and by chance place in the hands of a powerful mad man the means of destroying the human race.
Therefore, with every increase of knowledge and skill, wisdom becomes more necessary, for every such increase augments(增强) our capacity for realizing our purposes, and therefore
augments our capacity for evil, if our purposes are unwise.
6.Disagreement arises when people try to decide ______.
A.how much more wisdom we have now than before
B.what wisdom is and how to develop it
C.if there is a great increase of wisdom in our age
D.whether wisdom can be developed or not
7.According to the author, “wisdom”is the ability to ______.
A.carefully consider the bad effects of any kind of reseach work
B.give each important problem some careful consideration
C.acquire a great deal of complex and special knowledge
D.give suitable consideration to all the possible elements in a problem 8.Lowering the infant death-rate may ______.
A.prove to be helpful everywhere in the world
B.give rise to an increase in population in Europe
C.cause food shortages in Asia and Africa
D.raise the living standard of the people in Africa
9.The author uses the examples in the passage to illustrate his point that ______.
A.it's extremely difficult to consider all the important elements in a problem
B.success in medical research has its negative effects
C.scientists may unknowingly cause destruction to the human race
D.it's unwise to be totally absorbed in researh in scientific medicine
10 .What is the main idea of the passage?
A.It is unwise to place the results of scientific research in the hands of a powerful mad man.
B.The more knowledge one has, the wiser one becomes.
C.Any increase of knowledge could lead to disastrous results without the guidance of wisdom.
D.Wisdom increases in proportion to one's age.
Cyberspace，网络空间)！ data superhighways, multi-media — for those who have seen the
future, the linking of computers, televisions and telephones will change our lives for ever. Yet for all the talk of a forthcoming technological utopia(乌托邦) little attention has been given to the
implications of these developments for the poor. As with all new high technology, while the West concerns itself with the“how,”the question of” for whom” is put aside once again.
Economists are only now realizing the full extent to which the communications revolution has affected the world economy. Information technology allows the extension of trade across geographical and industrial boundaries, and transnational corporations take full advantage of it. Terms of trade, exchange and interest rates and money movements are more important than the production of goods. The electronic economy made possible by information technology allows the haves to increase their control on global markets — with destructive impact on the have-nots.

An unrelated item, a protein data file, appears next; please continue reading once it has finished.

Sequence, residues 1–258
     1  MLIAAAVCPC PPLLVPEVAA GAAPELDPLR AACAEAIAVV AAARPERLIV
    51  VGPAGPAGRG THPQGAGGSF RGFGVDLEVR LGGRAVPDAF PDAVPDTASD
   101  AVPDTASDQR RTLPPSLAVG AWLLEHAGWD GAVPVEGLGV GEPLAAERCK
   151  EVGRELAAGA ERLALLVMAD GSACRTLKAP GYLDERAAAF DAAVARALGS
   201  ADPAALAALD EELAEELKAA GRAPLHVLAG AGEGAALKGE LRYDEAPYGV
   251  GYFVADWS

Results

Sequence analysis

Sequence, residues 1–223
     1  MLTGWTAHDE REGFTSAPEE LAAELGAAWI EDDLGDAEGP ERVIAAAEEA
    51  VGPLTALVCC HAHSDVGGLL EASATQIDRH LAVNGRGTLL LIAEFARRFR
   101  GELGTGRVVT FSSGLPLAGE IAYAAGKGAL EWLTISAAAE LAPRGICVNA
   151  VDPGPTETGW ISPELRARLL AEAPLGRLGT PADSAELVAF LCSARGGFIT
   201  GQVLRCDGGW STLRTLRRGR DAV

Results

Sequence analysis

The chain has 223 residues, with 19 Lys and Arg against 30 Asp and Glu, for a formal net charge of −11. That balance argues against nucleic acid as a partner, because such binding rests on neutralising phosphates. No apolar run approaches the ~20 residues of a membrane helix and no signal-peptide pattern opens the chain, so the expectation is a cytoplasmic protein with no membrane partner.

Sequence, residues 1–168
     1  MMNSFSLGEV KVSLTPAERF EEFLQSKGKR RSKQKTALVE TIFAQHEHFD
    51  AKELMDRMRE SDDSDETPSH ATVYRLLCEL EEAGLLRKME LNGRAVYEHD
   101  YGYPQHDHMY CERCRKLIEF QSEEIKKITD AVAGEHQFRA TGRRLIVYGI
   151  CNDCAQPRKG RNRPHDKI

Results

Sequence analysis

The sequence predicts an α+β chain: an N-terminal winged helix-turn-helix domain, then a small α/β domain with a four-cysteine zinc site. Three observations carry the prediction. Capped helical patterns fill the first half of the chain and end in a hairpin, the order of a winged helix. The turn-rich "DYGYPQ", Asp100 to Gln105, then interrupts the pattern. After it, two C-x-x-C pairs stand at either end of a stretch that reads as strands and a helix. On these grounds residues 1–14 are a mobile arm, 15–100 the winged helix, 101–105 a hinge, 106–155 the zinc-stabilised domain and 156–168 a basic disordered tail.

For them the result is instability. Developing countries which rely on the production of a small range of goods for export are made to feel like small parts in the international economic machine. As “futures”(期货) are traded on computer screens, developing countries simply have less and less control of their destinies.
So what are the options for regaining control? One alternative is for developing countries to buy in the latest computers and telecommunications themselves — so-called “development
communications” modernization. Yet this leads to long-term dependency and perhaps permanent
constraints on developing countries' economies.
Communications technology is generally exported from the U.S., Europe or Japan; the patents, skills and ability to manufacture remain in the hands of a few industrialized countries. It is also expensive, and imported products and services must therefore be bought on credit — credit
usually provided by the very countries whose companies stand to gain.
Furthermore, when new technology is introduced there is often too low a level of expertise to exploit it for native development. This means that while local elites, foreign communities and subsidiaries of transnational corporations may benefit, those whose lives depend on access to the information are denied it.
11 .From the passage we know that the development of high technology is in the interests of ______.
A.the rich countries
D.the world economy
12 .It can be inferred from the passage that ______.
A.international trade should be expanded
B.the interests of the poor countries have not been given enough consideration
C.the exports of the poor countries should be increased